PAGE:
On the other hand, Israel’s objective does not seem offensive in nature rather that of self-defense in response to the attacks on a terrorist group on its soil. The objective can, thus, be termed as the protection of the citizens within its borders from all enemies, foreign and domestic.
This refers to the methodology the two parties use to achieve their objectives. Iran has a partner in the crisis, which is Syria. Syria is another agitator in the Arab corner that has not had favorable relations with the Jew nation since the Yom Kippur conflict. It does not share an equal status and some experts claim that it is just along for the ride. The Iranians seem to be fully intent on using the Hezbollah to their fullest capacity. On the ground, the status of the rogue group is that of defender of the Arabs. The Israelis have the backing of the Americans and the western community to conduct military raids on the border towns of the Palestinians, allegedly pursuing Hezbollah.
Orientations and Environments
Both of the opposing parties cannot exist in peace with each other; therefore, the orientation of both groups is competitive, which is a win or lose situation. Iran and the Hezbollah are adversarial against the nation of Israel, who they view as a bully to resident Palestinians, and are enemies in the holy war. The parties of the conflict also realize that the environment is endogenous, where other parties exist outside the debate but have a hand in the conditions that take place. These third parties include other sovereignties and involved companies interested in resources in both nations.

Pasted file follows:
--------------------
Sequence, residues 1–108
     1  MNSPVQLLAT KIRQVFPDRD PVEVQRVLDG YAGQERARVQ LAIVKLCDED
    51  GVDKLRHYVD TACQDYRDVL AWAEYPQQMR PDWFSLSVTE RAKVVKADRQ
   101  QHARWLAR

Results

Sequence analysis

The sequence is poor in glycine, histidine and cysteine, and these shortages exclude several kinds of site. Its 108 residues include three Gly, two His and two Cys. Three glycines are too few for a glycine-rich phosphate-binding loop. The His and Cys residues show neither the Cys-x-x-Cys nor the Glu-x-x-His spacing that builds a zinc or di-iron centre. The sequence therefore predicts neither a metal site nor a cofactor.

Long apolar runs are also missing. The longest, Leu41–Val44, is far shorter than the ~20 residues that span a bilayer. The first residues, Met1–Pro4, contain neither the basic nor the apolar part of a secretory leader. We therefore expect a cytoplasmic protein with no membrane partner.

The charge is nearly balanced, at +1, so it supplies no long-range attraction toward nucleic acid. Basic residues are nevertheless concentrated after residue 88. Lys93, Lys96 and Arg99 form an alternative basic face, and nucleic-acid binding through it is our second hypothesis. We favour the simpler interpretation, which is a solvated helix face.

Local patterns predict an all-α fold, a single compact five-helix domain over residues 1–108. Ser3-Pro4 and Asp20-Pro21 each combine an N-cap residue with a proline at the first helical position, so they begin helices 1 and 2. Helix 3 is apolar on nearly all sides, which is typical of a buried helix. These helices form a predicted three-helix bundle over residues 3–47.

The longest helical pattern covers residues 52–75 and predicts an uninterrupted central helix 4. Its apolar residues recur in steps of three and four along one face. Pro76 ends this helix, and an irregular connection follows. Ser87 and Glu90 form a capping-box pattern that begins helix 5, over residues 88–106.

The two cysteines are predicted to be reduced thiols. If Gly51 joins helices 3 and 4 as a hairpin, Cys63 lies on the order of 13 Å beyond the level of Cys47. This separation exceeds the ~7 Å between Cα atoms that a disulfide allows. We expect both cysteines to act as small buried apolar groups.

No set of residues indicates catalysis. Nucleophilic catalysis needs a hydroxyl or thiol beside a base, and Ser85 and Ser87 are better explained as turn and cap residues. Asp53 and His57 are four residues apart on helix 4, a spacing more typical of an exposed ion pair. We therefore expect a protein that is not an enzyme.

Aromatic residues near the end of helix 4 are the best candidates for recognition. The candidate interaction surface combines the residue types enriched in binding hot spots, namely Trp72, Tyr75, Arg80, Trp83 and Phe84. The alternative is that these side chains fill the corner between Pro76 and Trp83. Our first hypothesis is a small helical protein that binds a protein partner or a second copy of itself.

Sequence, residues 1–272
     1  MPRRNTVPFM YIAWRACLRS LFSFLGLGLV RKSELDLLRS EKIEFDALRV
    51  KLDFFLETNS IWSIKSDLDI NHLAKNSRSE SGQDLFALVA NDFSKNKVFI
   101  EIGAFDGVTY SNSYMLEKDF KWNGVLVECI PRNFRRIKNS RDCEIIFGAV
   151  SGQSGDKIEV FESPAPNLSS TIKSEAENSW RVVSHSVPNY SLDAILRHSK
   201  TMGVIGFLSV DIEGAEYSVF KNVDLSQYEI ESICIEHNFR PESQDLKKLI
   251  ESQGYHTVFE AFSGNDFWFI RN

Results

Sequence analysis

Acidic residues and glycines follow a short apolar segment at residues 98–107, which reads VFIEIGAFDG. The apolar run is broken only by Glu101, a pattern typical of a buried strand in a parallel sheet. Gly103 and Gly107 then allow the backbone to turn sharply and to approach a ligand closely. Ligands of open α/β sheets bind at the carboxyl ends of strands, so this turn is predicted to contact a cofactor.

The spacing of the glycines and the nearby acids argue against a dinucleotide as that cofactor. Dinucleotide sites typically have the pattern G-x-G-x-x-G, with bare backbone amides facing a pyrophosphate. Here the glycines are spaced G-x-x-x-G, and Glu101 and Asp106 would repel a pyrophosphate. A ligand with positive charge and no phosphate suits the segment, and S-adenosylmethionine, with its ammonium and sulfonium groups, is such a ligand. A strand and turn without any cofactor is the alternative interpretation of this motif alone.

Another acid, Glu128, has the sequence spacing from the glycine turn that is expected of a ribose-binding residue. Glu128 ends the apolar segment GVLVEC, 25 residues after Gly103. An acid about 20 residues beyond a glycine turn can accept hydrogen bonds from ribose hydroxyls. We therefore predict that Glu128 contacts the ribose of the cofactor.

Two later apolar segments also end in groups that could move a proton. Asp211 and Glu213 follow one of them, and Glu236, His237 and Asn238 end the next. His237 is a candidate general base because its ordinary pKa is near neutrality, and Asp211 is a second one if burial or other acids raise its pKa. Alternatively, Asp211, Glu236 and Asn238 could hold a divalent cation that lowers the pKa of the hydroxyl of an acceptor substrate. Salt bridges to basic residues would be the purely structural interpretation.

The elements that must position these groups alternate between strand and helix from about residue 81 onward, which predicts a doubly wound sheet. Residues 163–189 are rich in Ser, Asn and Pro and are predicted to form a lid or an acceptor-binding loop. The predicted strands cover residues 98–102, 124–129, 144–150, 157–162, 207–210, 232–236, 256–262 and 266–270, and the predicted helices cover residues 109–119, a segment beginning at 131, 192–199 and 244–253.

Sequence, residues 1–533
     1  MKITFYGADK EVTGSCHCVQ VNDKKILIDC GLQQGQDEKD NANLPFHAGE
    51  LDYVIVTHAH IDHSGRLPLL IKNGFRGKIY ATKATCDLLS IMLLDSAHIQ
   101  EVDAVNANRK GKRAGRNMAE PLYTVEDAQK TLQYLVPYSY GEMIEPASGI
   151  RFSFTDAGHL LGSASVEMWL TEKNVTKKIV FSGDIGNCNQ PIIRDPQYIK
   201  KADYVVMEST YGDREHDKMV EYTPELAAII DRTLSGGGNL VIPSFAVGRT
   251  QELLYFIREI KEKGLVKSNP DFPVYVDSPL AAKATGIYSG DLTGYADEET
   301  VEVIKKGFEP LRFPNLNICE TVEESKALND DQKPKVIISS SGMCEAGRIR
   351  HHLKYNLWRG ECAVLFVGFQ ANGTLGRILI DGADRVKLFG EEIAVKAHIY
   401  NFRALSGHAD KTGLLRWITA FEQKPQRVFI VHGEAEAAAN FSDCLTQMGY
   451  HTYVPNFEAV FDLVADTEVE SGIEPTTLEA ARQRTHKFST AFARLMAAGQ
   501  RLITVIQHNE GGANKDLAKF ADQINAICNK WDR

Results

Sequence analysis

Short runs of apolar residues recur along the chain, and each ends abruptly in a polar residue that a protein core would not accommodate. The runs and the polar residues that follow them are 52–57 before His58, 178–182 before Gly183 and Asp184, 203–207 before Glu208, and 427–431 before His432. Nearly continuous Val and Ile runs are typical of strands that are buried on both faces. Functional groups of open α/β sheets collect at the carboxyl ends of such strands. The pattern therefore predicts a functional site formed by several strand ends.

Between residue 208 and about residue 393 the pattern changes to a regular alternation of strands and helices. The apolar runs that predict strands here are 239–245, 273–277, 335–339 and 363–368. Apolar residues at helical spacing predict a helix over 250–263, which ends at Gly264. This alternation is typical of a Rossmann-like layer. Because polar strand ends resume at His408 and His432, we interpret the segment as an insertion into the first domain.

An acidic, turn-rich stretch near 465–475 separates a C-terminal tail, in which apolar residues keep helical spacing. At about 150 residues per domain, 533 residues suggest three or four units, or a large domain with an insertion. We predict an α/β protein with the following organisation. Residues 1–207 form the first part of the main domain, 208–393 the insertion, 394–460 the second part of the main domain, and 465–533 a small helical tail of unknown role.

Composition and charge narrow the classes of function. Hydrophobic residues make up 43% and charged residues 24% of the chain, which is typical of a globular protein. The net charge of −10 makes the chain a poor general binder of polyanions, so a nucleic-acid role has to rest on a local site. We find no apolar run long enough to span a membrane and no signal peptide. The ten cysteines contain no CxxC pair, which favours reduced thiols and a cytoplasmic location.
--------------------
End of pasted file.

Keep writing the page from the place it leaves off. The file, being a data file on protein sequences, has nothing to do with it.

Conflict Causes and Conditions
A partial cause of the conflict is the allied situation of the two nations, increasing the conflict situations with both Iran and Iraq. America is focused on the dethroning of a rogue leader, instead of focusing on the general problem in the region. Now Israel is in a tough position with minimal backing from a strong ally. Here, the reason implies a psychological trigger. The nature of Middle Eastern geopolitics and the Arab pathology suggests a neurosis or obsession with the Jewish land and a holy war with the people. This has a fundamental relationship with the methodology of terrorism in fighting the Jews. The ethics of holy war or Jihad does not value the life of the rightful attacker. Lose of life in an act of war is quite honorable if not advised; hence, the use of suicidal violent actions against Israel is justified just as the latter has cause to be ever vigilant is self defense.